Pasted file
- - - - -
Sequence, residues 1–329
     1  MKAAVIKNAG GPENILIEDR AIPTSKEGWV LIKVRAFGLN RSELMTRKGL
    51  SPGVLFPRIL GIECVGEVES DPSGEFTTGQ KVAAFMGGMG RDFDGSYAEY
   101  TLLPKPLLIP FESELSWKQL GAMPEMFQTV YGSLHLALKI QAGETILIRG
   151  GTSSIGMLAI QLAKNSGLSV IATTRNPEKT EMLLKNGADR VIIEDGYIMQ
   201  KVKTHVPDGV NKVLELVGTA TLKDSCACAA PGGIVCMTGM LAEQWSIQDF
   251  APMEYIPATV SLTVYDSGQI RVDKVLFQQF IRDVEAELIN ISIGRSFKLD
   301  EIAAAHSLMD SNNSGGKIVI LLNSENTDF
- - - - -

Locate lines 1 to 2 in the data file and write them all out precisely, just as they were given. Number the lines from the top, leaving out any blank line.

Sequence, residues 1–329
     1  MKAAVIKNAG GPENILIEDR AIPTSKEGWV LIKVRAFGLN RSELMTRKGL